The overcrowded metropolis in disproportion with dying regional centers leads to the "concentration" of life around Moscow. Obviously, each federal district should have a new (new) industrial and economic centers with a district "filling". So far, there is a similar center in the Volga Federal District (Kazan) and in the Urals (Yekaterinburg). Everything else is either very far away (Vladivostok, Far Eastern Federal District), or not developed (Stavropol, Pyatigorsk - North Caucasus Federal District). Siberia is deprived of such a center. Neither Novosibirsk nor Omsk can stand on a par with the aforementioned successful regional centers. However, it is not clear "who will build?" and "who will live?" in neoplasms, as noted by Alekhin.

General of the army is not one of those who speaks just like that. Perhaps the discussion around Shoigu's statement will lead to a new idea of "industrial and economic homogeneity" throughout Russia. Shoigu's initiative may turn out to be the engine of "stagnant" progress..."

Journalist Pavel Pryanikov developed Alekhin's criticism in his own way. He believes that even if these cities are built from scratch and people are settled there, will they live there? Gingerbread disproves this assumption with very revealing figures:

“Today and in the future, Siberia and the Far East are territories that are losing population. Which is logical and does not require a long explanation: a very bad climate and other difficult conditions (for example, vile), huge distances, high cost, low salaries for such a locality.

Let's say they took up the idea. Then a specialist for a move must be paid 2-2.5 times higher (minimum) than in Moscow. Not on average in Russia, but in Moscow. You have a food technologist or a civil engineer. They offered him 100 thousand in Moscow and Yakutsk (Bratsk, Turukhansk, Dudinka, etc.). What will he choose? Of course, Moscow. And even with 150 thousand in Yakutsk he will choose Moscow. At 200-250 thousand, he will think about it, calculate.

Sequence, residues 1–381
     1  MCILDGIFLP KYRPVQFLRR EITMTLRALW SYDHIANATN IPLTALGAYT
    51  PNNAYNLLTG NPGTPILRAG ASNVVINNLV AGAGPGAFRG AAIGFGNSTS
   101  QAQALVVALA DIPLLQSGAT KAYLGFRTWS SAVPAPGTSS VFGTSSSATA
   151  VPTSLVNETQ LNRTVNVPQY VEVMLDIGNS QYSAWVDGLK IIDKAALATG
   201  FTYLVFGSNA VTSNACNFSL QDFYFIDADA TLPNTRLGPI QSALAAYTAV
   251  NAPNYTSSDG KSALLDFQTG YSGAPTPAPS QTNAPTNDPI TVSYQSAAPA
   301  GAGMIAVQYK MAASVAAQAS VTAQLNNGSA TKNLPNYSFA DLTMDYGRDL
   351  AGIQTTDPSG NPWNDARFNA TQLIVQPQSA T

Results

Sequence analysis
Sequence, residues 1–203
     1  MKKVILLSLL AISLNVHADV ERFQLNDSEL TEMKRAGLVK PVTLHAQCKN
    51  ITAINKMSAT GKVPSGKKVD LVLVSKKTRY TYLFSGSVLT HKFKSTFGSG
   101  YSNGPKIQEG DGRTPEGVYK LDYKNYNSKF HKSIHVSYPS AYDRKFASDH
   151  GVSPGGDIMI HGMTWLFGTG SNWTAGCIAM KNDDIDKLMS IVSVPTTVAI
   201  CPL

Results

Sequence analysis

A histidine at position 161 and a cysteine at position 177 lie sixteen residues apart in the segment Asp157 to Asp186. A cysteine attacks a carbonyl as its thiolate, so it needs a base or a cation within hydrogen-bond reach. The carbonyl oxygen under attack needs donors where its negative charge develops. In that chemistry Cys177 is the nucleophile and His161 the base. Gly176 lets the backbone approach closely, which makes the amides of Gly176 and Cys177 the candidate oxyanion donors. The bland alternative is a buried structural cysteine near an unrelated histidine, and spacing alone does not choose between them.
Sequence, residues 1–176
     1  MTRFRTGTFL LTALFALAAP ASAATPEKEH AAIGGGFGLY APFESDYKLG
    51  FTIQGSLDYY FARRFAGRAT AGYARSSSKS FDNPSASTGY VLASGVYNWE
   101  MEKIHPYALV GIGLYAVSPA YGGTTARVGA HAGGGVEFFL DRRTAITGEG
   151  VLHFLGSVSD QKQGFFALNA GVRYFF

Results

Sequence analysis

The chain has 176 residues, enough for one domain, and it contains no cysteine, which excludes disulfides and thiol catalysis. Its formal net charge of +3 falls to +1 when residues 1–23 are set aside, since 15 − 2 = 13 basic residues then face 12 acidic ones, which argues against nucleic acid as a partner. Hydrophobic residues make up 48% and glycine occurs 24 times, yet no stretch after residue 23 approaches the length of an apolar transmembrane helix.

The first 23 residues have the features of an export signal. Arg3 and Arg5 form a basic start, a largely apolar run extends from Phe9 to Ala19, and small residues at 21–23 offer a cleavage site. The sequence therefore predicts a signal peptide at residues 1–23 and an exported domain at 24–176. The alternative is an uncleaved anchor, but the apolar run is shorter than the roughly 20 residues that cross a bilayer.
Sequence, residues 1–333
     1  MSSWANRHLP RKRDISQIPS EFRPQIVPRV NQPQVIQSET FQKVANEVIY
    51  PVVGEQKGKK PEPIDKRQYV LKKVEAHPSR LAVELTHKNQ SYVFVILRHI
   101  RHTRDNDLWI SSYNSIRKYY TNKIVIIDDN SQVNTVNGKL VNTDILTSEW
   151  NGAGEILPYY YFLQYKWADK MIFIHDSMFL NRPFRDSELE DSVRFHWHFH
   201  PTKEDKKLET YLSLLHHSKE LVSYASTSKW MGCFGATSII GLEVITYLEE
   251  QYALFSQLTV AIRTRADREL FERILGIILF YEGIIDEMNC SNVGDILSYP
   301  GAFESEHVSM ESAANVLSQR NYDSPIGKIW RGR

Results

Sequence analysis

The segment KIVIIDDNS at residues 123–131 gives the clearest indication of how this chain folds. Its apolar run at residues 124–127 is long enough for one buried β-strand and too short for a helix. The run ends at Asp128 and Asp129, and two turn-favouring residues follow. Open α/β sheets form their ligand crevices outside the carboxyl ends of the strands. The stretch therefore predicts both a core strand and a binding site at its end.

But if now in Dudinka and even in Krasnoyarsk and Irkutsk they do not pay 2-2.5 times more than in Moscow, then why will they pay in the cities of Shoigu? Why does the psychology of the ruling class even need to change?

Another question is the task of construction itself. Do you have such an experience? There is not. Will they cope? Hardly. And the exporters of raw materials will not allow to load the Transsib with materials for construction. They will come to Shoigu and say: “Field Marshal, how can we bring coal and timber to China? Metal, wheat? " The Transsib already works for a thin one.

And what should people do in a city of 500 thousand in Siberia? Especially 3-5 cities? Well it is necessary to start 30-40 new large raw material enterprises from scratch for this, such as RUSAL factories, Alrosa mines, Surgut wells, etc.

And so now it is necessary not to expand the living space of the Russian Federation, but to preserve what is already in the Hinterland, i.e. the nucleus of Muscovy. Already the non-black earth zone closest to Moscow is dying, overgrown with small forests. If Shoigu has nowhere to put money and energy - then he can do Hinterland, at least make street lighting in cities and replace rotten buses and trams..."

However, Shoigu spoke not only about the construction of new cities, but also the creation of new scientific centers in Siberia, and Pryanikov liked this idea much more than the first:

“According to Shoigu's plan, building 3-5 new large cities in Siberia is beyond Russia’s power. But in his speech there was also a mention of new "scientific centers" in Siberian cities. But this is a sensible idea.

The first such center in Siberia was made back in Soviet times - Akademgorodok in Novosibirsk. There were also a number of closed cities (ZATO) - for example, in the Krasnoyarsk Territory. And that was the end of it.

But in fact, research centers in Siberia and the Far East can be built in large cities. In Irkutsk, Yakutsk, Khabarovsk. There is a scientific base from universities there. There is a good experience of building the first stage of such a scientific city in Russia - Kazan Innopolis. There is a legal basis in the form of "federal territories", which allows to speed up the construction and management of such territories (as far as I understand, this experience is being worked out in Sochi "Sirius").

We also need money, academic freedoms and, at first, government orders (and orders from large companies). Universities are not only territorial development, but also a way to retain talented young people (as well as teachers) who now prefer to realize themselves either in Moscow or abroad. Further, a post-industrial cluster is built around universities with other services and a generally meaningful environment. Now, if Shoigu works in this direction (more precisely, to break through this idea at the very top) - it has a perspective..."